When it’s 15 below zero and the sheet of ice still encasing the earth from the pre-Christmas storm lurks beneath a three-inch layer of snow that squeaks when you walk on it, you’d better be wearing the right boots.
Fashion is not the watchword on the tundra that Maine has become in the past couple of weeks. Forget the cute ankle boots and the quasi-shoe/quasi-overshoe combos. Stylish kicks mean frostbit toes. You need a pair of big, honking, insulated, ugly boots.
Take mine, for example.
(Not literally, of course. They are my most precious possession this week and if you so much as lay a finger on them, I may have to kill you.)
Super-duper Keens they are, with lots of Thinsulate, a rugged sole that scoffs at ice and a layer of Gore-Tex in case it ever warms up enough for slush to be a thing again. When I slip my wool-socked feet inside, my feet are warm, dry and stable on the earth.
Sure, they make me walk like BigFoot, but that’s the de rigueur gait this winter. Haven’t you heard?
I am actually an expert on New England winter footwear. In the olden days when I was a child, winters were long and cold and pack boots had yet to be invented. Did this keep us indoors? No ma’am. We used a little ingenuity and created our own super-warm boots.
The outside layer was red rubber, with a buckle on the side you had to cinch tight to keep the snow out. They had be a couple of sizes bigger than your shoes, because not only did you wear your shoes inside them, you had to account for homemade insulation, too.
In my family, that was a pair of ragg wool socks, cast off by my high-school aged brother after my mother darned the heels one too many times for his comfort.
But the lumpy heels didn’t bother us little kids. We pulled those warm woolies over our own socks and shoes then gave them a layer of waterproofing in the form of a bread bag.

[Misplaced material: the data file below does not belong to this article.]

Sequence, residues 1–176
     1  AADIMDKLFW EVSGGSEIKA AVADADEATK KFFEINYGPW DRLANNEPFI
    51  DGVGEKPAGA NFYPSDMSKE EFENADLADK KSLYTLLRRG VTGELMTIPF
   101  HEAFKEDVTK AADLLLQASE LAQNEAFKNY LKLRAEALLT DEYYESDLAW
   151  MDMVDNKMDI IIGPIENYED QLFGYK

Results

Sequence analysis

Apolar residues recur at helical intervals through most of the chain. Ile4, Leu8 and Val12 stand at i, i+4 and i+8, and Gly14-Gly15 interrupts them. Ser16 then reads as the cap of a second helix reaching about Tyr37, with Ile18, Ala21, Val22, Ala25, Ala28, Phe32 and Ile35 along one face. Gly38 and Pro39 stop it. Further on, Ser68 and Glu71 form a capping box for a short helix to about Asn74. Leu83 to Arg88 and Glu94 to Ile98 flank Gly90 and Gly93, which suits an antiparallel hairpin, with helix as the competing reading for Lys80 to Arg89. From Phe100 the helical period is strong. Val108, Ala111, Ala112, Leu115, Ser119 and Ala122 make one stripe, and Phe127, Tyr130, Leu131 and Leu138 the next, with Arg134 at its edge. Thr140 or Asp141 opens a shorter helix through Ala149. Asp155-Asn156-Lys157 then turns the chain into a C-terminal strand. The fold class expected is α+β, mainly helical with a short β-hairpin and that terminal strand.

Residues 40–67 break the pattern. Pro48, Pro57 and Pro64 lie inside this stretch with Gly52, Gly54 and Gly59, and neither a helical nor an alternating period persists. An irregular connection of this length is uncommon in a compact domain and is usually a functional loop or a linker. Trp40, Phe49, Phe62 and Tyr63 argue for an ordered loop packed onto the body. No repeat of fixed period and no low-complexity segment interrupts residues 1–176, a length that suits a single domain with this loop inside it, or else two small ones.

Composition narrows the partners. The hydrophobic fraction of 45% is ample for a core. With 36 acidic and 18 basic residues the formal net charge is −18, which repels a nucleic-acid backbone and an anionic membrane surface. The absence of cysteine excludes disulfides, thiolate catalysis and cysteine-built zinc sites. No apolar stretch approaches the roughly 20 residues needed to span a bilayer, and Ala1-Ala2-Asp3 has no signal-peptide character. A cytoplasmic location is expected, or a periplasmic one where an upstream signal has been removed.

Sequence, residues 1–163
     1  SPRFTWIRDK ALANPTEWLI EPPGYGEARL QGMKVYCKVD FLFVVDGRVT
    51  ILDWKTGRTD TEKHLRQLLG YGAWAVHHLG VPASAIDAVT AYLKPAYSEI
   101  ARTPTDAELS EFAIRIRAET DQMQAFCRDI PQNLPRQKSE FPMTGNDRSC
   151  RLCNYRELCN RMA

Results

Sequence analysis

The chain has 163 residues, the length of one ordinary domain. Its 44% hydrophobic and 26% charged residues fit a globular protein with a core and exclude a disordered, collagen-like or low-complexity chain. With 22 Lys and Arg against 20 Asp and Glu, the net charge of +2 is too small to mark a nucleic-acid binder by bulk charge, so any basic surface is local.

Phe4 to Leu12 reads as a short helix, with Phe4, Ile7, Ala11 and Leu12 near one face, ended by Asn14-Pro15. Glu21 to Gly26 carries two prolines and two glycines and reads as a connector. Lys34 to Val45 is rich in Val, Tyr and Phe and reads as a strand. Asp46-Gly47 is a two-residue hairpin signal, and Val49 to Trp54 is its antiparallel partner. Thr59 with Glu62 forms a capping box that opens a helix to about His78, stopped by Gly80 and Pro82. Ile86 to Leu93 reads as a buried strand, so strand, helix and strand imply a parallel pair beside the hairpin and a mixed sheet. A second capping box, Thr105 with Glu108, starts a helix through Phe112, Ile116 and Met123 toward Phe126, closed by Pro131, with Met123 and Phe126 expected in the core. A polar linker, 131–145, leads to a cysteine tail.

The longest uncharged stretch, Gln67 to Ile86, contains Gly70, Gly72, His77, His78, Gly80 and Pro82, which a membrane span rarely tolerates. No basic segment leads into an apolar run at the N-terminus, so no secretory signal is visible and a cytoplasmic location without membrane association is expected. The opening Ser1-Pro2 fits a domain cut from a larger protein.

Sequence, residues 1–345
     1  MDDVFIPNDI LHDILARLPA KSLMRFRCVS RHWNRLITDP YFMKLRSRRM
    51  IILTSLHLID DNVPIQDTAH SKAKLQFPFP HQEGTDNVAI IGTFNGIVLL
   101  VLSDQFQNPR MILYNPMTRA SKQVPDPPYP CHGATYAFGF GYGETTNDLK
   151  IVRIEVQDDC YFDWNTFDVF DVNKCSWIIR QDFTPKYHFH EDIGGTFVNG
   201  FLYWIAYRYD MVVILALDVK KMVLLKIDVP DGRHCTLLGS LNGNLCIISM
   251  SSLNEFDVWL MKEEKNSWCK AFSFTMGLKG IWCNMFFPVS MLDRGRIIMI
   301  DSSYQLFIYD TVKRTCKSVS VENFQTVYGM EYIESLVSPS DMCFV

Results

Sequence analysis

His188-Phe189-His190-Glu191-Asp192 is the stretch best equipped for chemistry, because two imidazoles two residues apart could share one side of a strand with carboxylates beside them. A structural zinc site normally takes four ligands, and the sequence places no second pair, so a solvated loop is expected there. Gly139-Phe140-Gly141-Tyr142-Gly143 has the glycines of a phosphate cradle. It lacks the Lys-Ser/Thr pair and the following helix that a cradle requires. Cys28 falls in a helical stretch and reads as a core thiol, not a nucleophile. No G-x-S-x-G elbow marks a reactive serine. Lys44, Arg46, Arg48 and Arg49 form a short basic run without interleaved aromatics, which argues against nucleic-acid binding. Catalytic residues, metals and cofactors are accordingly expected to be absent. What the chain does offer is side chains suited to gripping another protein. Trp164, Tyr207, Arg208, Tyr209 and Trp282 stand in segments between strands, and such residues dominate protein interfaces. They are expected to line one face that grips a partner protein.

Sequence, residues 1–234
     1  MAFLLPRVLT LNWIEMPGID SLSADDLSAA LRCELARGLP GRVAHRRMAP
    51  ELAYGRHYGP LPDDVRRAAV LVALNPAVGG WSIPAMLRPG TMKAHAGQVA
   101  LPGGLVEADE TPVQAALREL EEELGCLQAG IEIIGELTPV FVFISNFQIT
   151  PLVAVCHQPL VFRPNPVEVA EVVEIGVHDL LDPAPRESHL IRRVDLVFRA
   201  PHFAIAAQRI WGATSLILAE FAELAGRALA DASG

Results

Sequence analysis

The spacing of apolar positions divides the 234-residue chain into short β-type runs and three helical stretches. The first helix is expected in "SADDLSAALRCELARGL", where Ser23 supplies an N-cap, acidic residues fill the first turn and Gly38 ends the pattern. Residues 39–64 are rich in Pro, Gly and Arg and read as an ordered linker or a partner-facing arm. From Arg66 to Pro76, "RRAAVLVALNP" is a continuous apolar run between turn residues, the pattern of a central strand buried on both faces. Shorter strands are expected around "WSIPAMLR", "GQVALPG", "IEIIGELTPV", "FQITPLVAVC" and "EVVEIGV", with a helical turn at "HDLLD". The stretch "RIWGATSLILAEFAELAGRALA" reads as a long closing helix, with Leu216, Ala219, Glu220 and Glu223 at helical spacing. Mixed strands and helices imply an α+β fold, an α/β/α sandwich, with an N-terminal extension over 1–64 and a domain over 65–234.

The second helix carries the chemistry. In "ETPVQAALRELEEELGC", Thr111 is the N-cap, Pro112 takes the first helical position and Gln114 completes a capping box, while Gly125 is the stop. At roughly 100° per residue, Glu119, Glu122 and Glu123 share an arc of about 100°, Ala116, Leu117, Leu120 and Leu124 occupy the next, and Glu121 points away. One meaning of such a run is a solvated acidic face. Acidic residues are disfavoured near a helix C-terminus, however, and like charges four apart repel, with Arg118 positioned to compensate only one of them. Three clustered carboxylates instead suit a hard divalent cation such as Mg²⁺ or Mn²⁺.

That’s right, we in the Buchanan household were reduce-reuse-recycle pioneers. Nobody threw away a perfectly good plastic bag when the loaf of Butternut cracked wheat or Kasanof’s pumpernickel was gone.
Over the too-big wool socks the bread bags would go, which eased the slide of the now gigantic foot into the oversized red rubber boot.
You think I walk like Bigfoot now? Imagine me at six years old, clad in hand-me-down snow pants and parka, with feet half as long as I was high. Laugh if you must, but it worked. My sisters and I were able to play outside for hours, and nary a whine was heard about having cold feet.
With the onset of early adolescence came the desire for a pair of shoe-boots, or at least that’s what we called them. Whoever came up with the idea of winter boots into which you directly slid your thin-stockinged feet and only your thin-stockinged feet had never walked to school or stood around at a cold bus stop on a January day in New England. (In my town, those were the only two ways to get to school, and most of us hiked it. I cannot remember anyone being given a ride by their parents. Ever.)
A few kids managed to convince their Moms to buy them a pair of groovy shoe-boots, then spent the winter hobbling to and from school with popsicle toes. Shoe-boots were sleek all right, and slick, too. Nothing but a thin layer of leather between ankle and sub-zero air, and soles devoid of any useful tread.
We set aside the red rubber monstrosities when we reached junior high school in favor of what we called “shitkickers,” bright orange boys’ construction-type shoes that offered traction in the snow and if you bought the right size, room for a couple pair of thick socks. They were not sexy, but everyone wore them, putting us on equal footing, as it were.
In college I graduated to Bean boots, but in those days they didn’t sell 100 varieties like they do now. The old standbys were great in wet weather, less good in the cold, and so began my adult quest for something with the comfort of my childhood winter attire that didn’t look quite as dorky.
Have I succeeded? You be the judge. But whatever you do, keep your mitts off my boots!